Extremity: 100 % (2 of 2)

100 % (2 of 2)

Excision: 100 % (2 of 2)

Karakasli et al. [12]

1

Male: 100 % (1 of 1)

Extremity: 100 % (1 of 1)

0 % (0 of 1)

Excision: 100 % (1 of 1)

McGinity [13]

1

Male: 100 % (1 of 1)

Female: 0 % (0 of 1)

Extremity: 0 % (0 of 1)

Trunk: 100 % (1 of 1)

0 % (0 of 1)

Excision: 100 % (1 of 1)

Total

63

Male: 78 % (49 of 63)

Female: 22 % (14 of 63)

Extremity: 79 % (50 of 63)

Trunk: 16 % (10 of 63)

Head and neck: 5 % (3 of 63)

Multifocality at diagnosis: 68 % (43 of 63)

Excision: 90 % (57 of 63)

Post-op radiation: 13 % (8 of 63)

Chemotherapy: 13 % (8 of 63)

aPatient 5 of this report was already accounted for in the series by Hornick et al. [2]

In the first of our cases, the patient exhibited a noticeable treatment response to gemcitabine plus docetaxel. As the 3 month follow-up PET-CT scans clearly indicate, a significant tumor response was achieved following therapy (Fig. 1). The progression of the tumor 3 months after cessation of chemotherapy suggests that the tumor response directly resulted from the gemcitabine and docetaxel therapy. Furthermore, the resumption of a taxane led to disease stability, suggesting that gemcitabine plus a taxane could be an effective treatment for PMH.

Unlike patient 1, patient 2’s tumor did not respond to gemcitabine plus docetaxel but ultimately showed stability following treatment with cisplatin and doxorubicin. The differing outcomes following gemcitabine plus docetaxel treatment in the two cases reflect PMH’s heterogeneity of response to cytotoxic chemotherapy. The discovery of a TSC1 mutation in patient 2’s tumor prompted the use of an mTOR inhibitor. An mTOR inhibitor was selected due to its potential to inhibit aberrant mTOR signaling in perivascular epithelioid cell tumors with similar TSC1 mutations [8]. The mTOR inhibitor used in case 2 provided a noticeable response in the PMH metastases in the supra-acetabular region of the left iliac bone. Thus, systemic therapy targeted to the mutations detected by DNA sequencing could be a promising option for PMH that warrants further investigation.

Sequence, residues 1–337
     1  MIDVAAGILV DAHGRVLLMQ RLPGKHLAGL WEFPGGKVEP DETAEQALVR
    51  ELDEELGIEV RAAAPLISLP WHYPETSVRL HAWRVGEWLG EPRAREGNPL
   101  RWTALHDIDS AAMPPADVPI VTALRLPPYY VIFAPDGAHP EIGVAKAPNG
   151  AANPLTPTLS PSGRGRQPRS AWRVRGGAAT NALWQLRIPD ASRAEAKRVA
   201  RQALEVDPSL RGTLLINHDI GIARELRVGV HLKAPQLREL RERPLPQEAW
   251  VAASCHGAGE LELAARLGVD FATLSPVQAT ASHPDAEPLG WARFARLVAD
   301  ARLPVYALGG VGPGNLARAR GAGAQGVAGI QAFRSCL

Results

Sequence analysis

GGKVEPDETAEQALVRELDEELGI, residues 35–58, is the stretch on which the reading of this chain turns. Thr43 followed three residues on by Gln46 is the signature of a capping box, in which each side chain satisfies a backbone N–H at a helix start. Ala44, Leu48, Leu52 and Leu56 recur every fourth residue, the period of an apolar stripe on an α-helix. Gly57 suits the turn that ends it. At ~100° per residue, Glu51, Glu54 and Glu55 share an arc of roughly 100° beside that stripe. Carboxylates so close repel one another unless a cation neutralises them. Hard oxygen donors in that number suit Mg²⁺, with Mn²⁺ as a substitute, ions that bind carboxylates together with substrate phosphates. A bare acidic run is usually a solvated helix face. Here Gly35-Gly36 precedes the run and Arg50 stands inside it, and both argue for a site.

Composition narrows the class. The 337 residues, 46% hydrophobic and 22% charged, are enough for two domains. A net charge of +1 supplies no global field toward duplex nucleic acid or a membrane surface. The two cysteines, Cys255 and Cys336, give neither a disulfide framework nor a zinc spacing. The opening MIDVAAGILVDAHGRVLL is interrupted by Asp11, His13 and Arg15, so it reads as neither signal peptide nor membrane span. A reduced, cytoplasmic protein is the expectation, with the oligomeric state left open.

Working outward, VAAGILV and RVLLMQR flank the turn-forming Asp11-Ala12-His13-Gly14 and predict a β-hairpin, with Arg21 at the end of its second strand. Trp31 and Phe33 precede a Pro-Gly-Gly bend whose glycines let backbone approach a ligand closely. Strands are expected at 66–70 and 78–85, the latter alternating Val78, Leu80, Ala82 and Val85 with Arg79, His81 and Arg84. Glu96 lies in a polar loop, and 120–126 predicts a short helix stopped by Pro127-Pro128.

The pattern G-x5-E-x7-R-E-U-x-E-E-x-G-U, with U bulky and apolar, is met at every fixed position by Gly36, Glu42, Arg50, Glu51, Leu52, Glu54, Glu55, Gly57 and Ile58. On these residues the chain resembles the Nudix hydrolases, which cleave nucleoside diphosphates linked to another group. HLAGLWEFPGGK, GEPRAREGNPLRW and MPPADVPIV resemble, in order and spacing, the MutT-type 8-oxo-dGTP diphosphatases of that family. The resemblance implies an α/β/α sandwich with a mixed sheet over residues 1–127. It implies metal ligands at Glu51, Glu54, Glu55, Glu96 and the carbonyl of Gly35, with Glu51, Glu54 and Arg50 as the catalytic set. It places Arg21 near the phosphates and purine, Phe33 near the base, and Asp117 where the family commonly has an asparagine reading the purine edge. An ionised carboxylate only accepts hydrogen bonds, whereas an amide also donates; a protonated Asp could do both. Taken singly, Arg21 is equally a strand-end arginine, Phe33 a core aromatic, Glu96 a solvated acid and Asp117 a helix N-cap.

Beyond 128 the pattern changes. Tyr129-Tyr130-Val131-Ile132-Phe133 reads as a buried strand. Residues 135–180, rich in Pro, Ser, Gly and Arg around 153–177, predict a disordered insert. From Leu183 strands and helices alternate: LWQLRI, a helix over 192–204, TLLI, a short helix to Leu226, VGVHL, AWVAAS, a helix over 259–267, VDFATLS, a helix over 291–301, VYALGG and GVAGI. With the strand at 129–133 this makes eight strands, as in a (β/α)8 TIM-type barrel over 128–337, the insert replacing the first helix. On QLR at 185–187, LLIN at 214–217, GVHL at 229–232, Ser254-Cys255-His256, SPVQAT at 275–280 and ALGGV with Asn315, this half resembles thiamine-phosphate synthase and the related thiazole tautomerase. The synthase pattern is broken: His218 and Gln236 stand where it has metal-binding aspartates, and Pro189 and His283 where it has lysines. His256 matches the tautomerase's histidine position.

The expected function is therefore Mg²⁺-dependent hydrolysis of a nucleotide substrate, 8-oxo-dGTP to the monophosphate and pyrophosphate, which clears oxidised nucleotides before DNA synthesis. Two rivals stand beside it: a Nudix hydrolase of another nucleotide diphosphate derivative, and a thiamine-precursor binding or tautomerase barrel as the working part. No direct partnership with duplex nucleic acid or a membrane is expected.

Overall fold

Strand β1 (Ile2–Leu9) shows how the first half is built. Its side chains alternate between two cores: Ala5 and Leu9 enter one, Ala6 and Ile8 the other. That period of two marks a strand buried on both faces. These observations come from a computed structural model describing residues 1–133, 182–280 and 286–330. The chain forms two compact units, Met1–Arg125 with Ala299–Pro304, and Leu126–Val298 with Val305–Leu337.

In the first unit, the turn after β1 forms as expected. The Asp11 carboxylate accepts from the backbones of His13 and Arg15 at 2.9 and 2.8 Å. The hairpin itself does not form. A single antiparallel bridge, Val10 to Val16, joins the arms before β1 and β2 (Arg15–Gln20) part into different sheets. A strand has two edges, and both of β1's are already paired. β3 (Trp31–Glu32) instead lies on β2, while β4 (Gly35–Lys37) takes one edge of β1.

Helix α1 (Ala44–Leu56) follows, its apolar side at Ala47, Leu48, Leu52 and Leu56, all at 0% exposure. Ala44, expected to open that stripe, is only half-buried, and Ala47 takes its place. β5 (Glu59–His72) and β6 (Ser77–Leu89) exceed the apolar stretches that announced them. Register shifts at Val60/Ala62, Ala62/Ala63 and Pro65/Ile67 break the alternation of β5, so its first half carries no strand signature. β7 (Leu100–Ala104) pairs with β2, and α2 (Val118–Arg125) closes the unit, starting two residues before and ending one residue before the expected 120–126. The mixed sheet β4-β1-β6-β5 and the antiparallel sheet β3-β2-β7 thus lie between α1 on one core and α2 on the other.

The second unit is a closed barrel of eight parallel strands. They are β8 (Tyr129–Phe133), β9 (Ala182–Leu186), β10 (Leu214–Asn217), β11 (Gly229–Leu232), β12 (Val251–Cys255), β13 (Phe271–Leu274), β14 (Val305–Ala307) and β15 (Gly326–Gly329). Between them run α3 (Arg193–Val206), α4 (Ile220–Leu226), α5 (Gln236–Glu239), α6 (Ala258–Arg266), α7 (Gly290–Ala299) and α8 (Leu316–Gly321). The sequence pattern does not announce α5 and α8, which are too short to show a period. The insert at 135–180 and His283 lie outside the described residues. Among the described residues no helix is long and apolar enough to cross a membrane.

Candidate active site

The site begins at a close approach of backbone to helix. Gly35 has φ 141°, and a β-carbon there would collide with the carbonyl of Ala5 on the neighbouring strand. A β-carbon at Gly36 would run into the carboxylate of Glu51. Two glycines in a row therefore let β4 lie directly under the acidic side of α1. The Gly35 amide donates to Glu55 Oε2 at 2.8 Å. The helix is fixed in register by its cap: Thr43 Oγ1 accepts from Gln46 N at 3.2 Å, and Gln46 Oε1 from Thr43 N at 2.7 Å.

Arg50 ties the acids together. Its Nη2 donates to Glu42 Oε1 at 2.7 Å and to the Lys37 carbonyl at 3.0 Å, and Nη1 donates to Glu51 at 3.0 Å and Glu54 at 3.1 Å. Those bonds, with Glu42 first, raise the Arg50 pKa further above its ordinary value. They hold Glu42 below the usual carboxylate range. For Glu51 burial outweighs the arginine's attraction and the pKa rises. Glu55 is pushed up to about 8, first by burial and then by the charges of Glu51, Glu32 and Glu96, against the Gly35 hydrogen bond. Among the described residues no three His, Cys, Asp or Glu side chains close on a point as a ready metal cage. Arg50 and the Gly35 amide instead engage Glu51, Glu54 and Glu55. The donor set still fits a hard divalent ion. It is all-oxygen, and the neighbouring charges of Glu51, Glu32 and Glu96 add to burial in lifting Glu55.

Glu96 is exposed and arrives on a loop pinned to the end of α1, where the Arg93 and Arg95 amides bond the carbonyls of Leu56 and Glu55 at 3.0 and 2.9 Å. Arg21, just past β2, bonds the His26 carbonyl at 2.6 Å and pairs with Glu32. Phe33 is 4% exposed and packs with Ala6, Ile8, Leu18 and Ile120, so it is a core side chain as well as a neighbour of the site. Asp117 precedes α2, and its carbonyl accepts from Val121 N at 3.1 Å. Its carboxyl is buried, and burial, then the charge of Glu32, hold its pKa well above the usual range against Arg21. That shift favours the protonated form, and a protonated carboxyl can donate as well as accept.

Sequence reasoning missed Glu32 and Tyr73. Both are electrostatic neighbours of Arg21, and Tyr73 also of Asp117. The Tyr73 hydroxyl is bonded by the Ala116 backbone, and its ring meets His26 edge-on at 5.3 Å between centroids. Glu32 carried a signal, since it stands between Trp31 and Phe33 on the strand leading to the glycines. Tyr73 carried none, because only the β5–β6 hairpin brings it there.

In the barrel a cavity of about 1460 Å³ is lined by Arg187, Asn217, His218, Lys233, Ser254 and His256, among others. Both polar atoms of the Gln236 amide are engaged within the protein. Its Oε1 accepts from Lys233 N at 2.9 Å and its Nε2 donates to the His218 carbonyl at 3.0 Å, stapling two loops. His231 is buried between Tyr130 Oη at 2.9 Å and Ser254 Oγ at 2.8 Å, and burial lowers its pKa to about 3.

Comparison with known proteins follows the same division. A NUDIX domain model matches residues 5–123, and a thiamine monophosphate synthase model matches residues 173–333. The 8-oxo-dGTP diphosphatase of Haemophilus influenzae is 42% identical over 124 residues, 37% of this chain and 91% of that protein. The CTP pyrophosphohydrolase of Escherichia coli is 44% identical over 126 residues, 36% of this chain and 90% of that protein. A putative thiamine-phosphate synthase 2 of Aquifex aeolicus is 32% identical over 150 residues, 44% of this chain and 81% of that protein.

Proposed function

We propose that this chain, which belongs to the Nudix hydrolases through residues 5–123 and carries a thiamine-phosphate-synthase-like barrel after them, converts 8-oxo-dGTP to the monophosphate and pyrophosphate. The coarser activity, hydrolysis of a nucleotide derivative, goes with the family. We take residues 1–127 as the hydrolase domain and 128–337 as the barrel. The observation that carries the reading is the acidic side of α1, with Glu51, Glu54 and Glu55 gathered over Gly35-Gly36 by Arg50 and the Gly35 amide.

Conclusion

To the best of our knowledge, our report is the first to describe a response of PMH either to gemcitabine/taxane chemotherapy or to an mTOR inhibitor. These observations are especially noteworthy because previous treatment options have typically dealt with local excision and a high rate of recurrence or chemotherapeutic approaches which lack a significant response. There is much to be learned about systemic treatment of pseudomyogenic hemagioendothelioma, but these two cases demonstrate two distinct treatment approaches that warrant further investigation.

Consent

Written informed consent was obtained from the patients for publication of this case report and any accompanying images. A copy of the written consent is available for review.

Abbreviations

MRI: 

magnetic resonance imaging

mTOR: 

mammalian target of rapamycin

PET-CT: 

positron emission tomography-computed tomography

PMH: 

pseudomyogenic hemangioendothelioma

TSC1: 

tuberous sclerosis 1

Declarations

Authors’ contributions

JJ compiled all patient data, completed a literature review and wrote the manuscript, VR conceived of the study, participated in its design and coordination, and helped draft the manuscript, RB helped conceive of the study and gave valuable insight while drafting the manuscript, MP aided in choosing and interpreting all PET/CT and MRI images, NR aided in analyzing and interpreting data used in the manuscript, SP helped conceive of the study and gave valuable insight while drafting the manuscript, WW confirmed histopathological diagnosis for both cases. All authors read and approved the final manuscript.

Competing interests

The authors declare that they have no competing interests.